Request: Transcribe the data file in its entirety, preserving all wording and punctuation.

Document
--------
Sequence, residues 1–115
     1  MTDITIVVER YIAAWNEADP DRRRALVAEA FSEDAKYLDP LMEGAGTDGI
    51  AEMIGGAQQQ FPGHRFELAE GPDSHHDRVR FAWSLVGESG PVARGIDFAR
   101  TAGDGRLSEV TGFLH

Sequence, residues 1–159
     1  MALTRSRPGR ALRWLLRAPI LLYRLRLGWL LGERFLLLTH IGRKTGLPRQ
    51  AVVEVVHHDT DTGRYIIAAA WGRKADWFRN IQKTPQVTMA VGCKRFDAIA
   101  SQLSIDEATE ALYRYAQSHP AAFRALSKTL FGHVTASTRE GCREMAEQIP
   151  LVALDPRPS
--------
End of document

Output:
Sequence, residues 1–115
     1  MTDITIVVER YIAAWNEADP DRRRALVAEA FSEDAKYLDP LMEGAGTDGI
    51  AEMIGGAQQQ FPGHRFELAE GPDSHHDRVR FAWSLVGESG PVARGIDFAR
   101  TAGDGRLSEV TGFLH

Sequence, residues 1–159
     1  MALTRSRPGR ALRWLLRAPI LLYRLRLGWL LGERFLLLTH IGRKTGLPRQ
    51  AVVEVVHHDT DTGRYIIAAA WGRKADWFRN IQKTPQVTMA VGCKRFDAIA
   101  SQLSIDEATE ALYRYAQSHP AAFRALSKTL FGHVTASTRE GCREMAEQIP
   151  LVALDPRPS